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cultivated silk

Fibers from a silkworm that have had scientific care.

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damask

A glossy, heavy, firm-textured Jacquard weave fabric, similar to brocade, but lighter, with flat and reversible patterns. It is made of silk, linen, cotton, rayon or a combination of fibers in double or single damask. It is used for tablecloths, napkins, home furnishings, draperies and upholsteries, and occasionally clothing, such as afternoon and evening dresses.

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doupion

Silk that comes from the fiber formed by two silk worms who spun their cocoons together in an interlocking manner. The yarn is uneven, irregular, and larger than regular filaments. It is used to make shantung and doupioni. Also called douppioni, dupion, and dupioni.

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drill

A heavy, strong, durable twilled fabric of cotton or man-made fibers, similar to denim, that has a diagonal 2x1 weave running up to the left selvage. When strength of fabric is essential, drill is suitable for slacks, uniforms, overalls, and work shirts. See twill

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Egyptian cotton

A fine, long, staple cotton generally grown in Egypt along the Nile Delta. Egyptian cotton fibers average more than 1112 inches in length and produce a strong, lustrous yarn. See cotton.

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faille crepe

A silk, rayon, acetate, or other man-made fiber dress fabric with a decided wavy (crepe) cord fillingwise. It is used for negligees, blouses, daytime and evening dresses, handbags, and trims.

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fake fur

A slang term for pile fabrics and garments that imitate animal pelts. The most popular fake furs are probably those made from modacrylic fiber. See modacrylic and pile.

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felt

A nonwoven fabric or interlocked fiber made from wool, fur, and hair fibers that mesh together when heat, moisture, and mechanical action are applied. Processes of spinning, weaving, or knitting are not employed. The fibers develop a tight bond and will not ravel. Some percentage of wool is necessary in the manufacture of true felt to achieve the felted effect. It is used for coats, hats, and many industrial purposes.

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fiber

The basic unit used in the fabrication of textile yarns and fabrics. Fibers are much longer than they are wide. The term at one time was limited to materials that could be spun into yarn, but now is used to include filaments that do not require spinning, such as silk and man-made fibers.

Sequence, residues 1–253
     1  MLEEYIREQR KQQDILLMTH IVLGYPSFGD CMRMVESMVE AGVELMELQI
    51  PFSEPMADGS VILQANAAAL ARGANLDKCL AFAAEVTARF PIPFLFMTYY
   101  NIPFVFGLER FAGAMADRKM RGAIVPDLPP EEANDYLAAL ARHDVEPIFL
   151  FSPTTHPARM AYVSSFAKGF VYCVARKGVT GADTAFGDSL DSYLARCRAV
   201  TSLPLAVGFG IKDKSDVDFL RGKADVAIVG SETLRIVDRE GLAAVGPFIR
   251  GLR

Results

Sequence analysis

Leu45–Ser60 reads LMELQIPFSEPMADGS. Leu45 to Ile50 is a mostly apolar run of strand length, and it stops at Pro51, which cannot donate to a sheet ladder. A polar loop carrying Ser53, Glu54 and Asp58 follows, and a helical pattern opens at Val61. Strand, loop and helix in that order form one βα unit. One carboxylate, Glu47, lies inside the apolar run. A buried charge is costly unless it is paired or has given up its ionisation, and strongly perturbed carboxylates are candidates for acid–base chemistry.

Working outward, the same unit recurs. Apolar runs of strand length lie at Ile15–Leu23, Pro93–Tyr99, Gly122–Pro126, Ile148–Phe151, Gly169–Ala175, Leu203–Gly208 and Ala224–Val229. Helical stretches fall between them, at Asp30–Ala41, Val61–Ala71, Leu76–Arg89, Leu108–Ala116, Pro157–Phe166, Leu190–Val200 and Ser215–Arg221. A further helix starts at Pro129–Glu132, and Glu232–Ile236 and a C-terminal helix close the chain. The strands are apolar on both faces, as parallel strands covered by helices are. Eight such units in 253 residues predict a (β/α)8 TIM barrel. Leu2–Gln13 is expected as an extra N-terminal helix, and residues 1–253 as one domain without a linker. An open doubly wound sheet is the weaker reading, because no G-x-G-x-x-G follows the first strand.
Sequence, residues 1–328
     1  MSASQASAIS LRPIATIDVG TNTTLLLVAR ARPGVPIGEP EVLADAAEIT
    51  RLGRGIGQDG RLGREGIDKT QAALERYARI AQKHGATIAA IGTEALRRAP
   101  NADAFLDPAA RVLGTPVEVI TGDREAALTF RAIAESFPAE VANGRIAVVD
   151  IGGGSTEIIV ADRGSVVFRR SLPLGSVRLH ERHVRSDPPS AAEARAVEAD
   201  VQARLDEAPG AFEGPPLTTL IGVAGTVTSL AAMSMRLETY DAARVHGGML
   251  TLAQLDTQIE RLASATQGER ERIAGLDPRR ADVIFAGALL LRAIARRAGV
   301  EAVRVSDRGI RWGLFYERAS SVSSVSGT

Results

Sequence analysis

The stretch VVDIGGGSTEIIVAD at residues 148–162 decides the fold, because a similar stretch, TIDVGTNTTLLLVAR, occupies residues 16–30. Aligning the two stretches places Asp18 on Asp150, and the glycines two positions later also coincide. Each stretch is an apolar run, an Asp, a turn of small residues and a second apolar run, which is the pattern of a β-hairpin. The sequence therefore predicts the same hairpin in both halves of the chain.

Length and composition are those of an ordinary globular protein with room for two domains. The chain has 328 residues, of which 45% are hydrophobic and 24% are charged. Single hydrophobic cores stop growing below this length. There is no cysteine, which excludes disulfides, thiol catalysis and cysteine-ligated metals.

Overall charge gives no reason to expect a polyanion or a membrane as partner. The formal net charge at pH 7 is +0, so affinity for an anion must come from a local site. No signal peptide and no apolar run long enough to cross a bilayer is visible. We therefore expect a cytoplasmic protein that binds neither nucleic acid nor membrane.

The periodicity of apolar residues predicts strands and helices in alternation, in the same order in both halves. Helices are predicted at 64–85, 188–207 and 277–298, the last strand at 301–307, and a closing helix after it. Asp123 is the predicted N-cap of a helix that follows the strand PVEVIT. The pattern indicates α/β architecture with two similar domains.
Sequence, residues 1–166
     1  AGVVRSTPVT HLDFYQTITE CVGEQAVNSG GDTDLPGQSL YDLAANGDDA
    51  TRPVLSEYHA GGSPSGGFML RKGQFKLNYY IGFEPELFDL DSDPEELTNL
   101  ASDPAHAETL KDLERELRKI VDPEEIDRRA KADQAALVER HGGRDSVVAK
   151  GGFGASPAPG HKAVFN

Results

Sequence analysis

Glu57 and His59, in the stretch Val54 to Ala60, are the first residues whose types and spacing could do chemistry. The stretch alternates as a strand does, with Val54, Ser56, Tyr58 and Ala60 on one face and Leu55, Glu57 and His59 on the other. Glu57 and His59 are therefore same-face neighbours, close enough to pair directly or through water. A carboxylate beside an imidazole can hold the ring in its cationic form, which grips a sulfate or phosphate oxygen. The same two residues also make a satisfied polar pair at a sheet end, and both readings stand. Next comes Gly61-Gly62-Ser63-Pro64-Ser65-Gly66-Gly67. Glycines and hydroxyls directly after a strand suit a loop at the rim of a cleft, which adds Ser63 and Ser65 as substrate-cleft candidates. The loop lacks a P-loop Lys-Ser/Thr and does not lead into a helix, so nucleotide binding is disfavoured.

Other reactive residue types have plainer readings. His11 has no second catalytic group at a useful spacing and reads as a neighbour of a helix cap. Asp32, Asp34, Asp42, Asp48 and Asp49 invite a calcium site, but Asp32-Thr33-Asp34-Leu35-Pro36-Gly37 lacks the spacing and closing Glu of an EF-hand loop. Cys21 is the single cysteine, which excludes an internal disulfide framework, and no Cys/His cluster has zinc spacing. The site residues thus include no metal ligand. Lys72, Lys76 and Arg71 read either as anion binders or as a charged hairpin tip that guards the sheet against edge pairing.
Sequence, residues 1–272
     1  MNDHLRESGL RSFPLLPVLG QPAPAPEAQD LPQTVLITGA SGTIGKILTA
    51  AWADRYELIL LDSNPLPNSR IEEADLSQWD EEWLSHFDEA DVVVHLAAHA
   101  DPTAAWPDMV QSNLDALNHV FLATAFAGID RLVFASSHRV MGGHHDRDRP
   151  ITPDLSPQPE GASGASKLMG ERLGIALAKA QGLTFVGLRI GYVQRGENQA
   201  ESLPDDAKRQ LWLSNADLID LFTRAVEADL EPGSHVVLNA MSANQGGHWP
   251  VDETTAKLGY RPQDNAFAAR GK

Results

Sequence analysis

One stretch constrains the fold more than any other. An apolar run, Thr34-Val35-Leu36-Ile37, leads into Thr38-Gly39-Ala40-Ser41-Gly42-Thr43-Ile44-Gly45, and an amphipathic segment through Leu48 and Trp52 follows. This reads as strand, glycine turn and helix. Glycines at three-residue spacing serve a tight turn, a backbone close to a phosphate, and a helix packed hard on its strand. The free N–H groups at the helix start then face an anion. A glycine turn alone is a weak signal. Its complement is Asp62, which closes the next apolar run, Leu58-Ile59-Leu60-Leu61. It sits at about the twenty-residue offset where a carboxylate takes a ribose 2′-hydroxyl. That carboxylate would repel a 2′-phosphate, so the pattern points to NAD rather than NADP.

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filament

Extremely long continuous fibers that can be measured in meters or yards, or in the case of man-made fibers, in kilometers or miles. Filaments do not require spinning to form yarn. Examples are rayon, nylon, acrylic, polyester, and other man-made fibers. Silk is the only natural filament
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fire resistant

Fire resistant refers to a fabric or fiber that has been treatedto discourage the spreading of flames. See lame-retardant-fabric/180/flame-retardant-fabric.html" title="flame retardant fabric" class="normal">flame retardant fabric.

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fireproof

Fireproof means that a fabric literally will not burn. To be labeled fireproof, the Federal Trade Commission requires that a fabric must be 100’% fireproof. If the fiber or fabric has been treated to prevent flames from spreading, it must be labeled as fire resistant. See fire resistant and lame-retardant-fabric/180/flame-retardant-fabric.html" title="flame retardant fabric" class="normal">flame retardant fabric.

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flame retardant fabric

A fabric that resists or retards the spreading of flames. A flame retardant fabric can be made by using fibers that are themselves flame retardant, or by using special finishes on fabrics. Selow is a list of some flame retardant fabrics. Many companies produce similar items but have not given them names referring specifically to their flame retardant nature.

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flat crepe

A firm, medium-weight silk crepe with a soft, almost imperceptible crinkle. It has creped fillings alternating with two S and two Z twists. The surface is fairly flat. Flat crepe may also be made of man-made fibers. It is used for dresses, negligees, and blouses. See crepe de chine,

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flax

Fibers of the flax plant that are spun into linen yarns and woven into linen cloth. The word linen is derived from “linum,” part of the scientific name for the flax plant. See linen.

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frieze